How many castles have you seen in your life that are colored pink? There aren’t that many but one is Uppsala Castle. Located at the highest point in the city, the castle (or ‘slott’ in Swedish) was built in 1549. It has been the linchpin of Swedish policy that has propelled the country to the status of great European power; various declarations of war and royal abdications have been announced at this place. The castle was damaged by fire in 1702 and subsequently restored many years later. Special castle tours take you onto the roof of the castle, giving you a great bird-eye view over Uppsala (book in advance).
Drinks at Miss Voon
After a day of sightseeing in Uppsala, there is no better place for fancy cocktails than at Miss Voon, situated on the top floor of Elite Hotel Academia next to the train station. It is a posh, swanky place so dress up and take in the views of Uppsala as night descends upon the city.
Where to stay in Uppsala, Sweden?
Elite Hotel Academia
Suttungs gränd 6, 753 19 Uppsala
Elite Hotel Academia has a great rooftop bar from which you can enjoy a spectacular view of the city, but that’s just the beginning. Bright and modern rooms make sure you have a comfortable stay, and there’s an interesting Asian restaurant on the 11th floor of the building. The location is also great, close to the city center, plus the breakfast you get here is really tasty. All in all, you’ll love it here!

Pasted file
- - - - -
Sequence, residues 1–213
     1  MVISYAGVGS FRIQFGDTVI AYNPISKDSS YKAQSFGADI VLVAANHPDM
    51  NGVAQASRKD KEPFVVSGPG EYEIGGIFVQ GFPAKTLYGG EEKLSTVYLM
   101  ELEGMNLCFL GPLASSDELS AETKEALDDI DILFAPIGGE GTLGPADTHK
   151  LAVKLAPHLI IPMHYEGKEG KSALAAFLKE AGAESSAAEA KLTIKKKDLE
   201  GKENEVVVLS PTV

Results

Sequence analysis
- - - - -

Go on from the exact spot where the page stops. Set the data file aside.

Radisson Blue Hotel Uppsala
Stationsgatan 4, 753 40 Uppsala
Another centrally located hotel, Radisson Blu Hotel Uppsala also offers plenty of excellent features to its guests. The breakfast they serve is absolutely amazing, with locally produced ingredients, and things like the sauna and the gym can be used from 6 AM to 11 PM. Everything looks amazing and the rooms are very comfortable, with a lot of natural light. Put on the complimentary slipper and relax!
Övre Slottsgatan 5, 753 10 Uppsala
Now, this is an interesting one. Akademihotellet dates back to 1930 and is very close to the main attractions, so it’s a great choice if you’re here to sightsee. The rooms are nice and functional, with some of them offering a great view of the cathedral. You can relax in a sauna or burn some energy in the hotel’s gym, and there’s a lovely park nearby, ideal for walks
Vandrarhem Uppsala Kungsangstorg
Kungsängstorg 6, 75320 Uppsala
If you’re backpacking through Uppsala or are just in need of affordable accommodation, Vandrarhem Uppsala Kungsangstorgis the place you want. It’s actually located in a 19th-century building, which is a unique bonus, but it also has a great kitchen and very helpful staff. It’s close to the city center, and on sunny days, you can enjoy the hostel’s furnished courtyard.